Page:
On religiosity and spirituality

N. Lygeros

Translated from French by Philippe Alsina and Patrice Deloche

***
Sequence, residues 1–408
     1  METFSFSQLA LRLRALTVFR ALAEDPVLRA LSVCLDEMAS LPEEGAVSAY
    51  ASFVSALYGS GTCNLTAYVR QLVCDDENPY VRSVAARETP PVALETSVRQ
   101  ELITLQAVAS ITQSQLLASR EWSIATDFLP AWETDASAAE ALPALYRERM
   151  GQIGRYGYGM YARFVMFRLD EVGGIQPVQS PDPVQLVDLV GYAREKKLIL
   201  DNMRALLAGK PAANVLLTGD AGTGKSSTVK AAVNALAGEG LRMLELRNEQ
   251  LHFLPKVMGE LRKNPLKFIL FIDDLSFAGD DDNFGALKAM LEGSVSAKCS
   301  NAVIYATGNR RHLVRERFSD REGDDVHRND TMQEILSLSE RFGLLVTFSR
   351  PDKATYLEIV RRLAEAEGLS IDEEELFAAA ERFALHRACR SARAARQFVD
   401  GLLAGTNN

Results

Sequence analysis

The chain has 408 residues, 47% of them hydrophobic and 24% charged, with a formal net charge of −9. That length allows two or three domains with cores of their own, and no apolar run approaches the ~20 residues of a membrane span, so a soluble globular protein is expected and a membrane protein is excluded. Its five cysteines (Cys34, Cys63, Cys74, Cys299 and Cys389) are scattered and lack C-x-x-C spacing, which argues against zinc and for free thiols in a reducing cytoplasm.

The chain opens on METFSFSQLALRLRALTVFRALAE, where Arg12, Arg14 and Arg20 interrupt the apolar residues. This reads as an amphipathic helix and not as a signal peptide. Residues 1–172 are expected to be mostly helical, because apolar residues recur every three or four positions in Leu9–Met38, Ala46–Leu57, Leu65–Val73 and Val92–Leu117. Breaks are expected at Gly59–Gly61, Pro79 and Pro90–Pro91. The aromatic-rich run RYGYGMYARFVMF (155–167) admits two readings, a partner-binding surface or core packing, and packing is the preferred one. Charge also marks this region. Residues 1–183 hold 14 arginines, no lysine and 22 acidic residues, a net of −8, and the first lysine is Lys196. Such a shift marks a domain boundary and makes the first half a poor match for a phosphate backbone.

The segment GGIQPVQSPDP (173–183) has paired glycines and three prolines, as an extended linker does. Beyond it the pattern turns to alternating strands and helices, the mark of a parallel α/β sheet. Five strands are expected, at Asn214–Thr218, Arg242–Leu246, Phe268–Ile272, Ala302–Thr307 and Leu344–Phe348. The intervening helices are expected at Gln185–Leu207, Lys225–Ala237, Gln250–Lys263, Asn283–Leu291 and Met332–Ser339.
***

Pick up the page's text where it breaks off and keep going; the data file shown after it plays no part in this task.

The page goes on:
Through Dostoïevski's and also Tolstoï's work, it is not difficult to discern the difference that exists between religiosity and spirituality. Certainly, the Orthodox religion, particularly in its Russian form, mixes both of these conceptions without embarrassment. Nevertheless, it is clear that it does not confuse them. Even if the first is an integral part of tradition, it is essentially perceived in a ritual way without necessarily associating the second with it. As for the latter, via hermits it can very well evolve out of the classic ecclesiastical framework. Moreover, one seems acquired as much as the other seems innate, one seems artificial and subjective as much as the other seems natural and objective. Thus although they apparently obey the same principle, they are not even seen as complementary. Because one can evolve only within a dogmatism while the other cannot bear this yoke. That is why in the approach of these authors in particular but also of others, religiosity and spirituality are not associated in a canonical way. As if the authors were conscious of their deep difference about ethics. Religiosity obey necessarily rules and laws that encode a religious ethics, whereas spirituality keep creating its ethics to the detriment of every consensual convention. And via this absence of predetermined nomology, spirituality acquires a universality that religiosity cannot possess. Besides, the power necessary to a dominant religion can only inexorably distort its religious nature regarding spirituality. Whereas the latter by refusing any access to power takes place naturally in a different context. Ideal but not idealized, spirituality only cares about the essential without attaching importance to the superfluous, because it is accountable to nobody about its evolution. Without any direct link to the everyday reality, it does not feel the need to transform the external world. Without conquests, lacking in everything, it is the center of every idealized religion because it stands on a supra-religious ethics. Seen as inaccessible by the majority, it is the work of only a minority without implying an intellectual containment because it represents an essentially open structure. Its necessity is not ontological but teleological. Its aims are not logical in the common meaning of the term. It does not aspire to theology but it just is, and via its existence resist the canonization inherent in the massification process. It does not cultivate its difference because this difference is qualitative and can be seen as one of its basic components. Thus it is the sacred without being sanctified. It is like Christ or Buddha neither saint nor brahma. Without master it does not have a disciple. Whereas religiosity is born from discipline. The radically different conceptions of religiosity and spirituality show the boundaries of religions but also their gateways and especially the same ethical horizon, which can be only of a noetic order.







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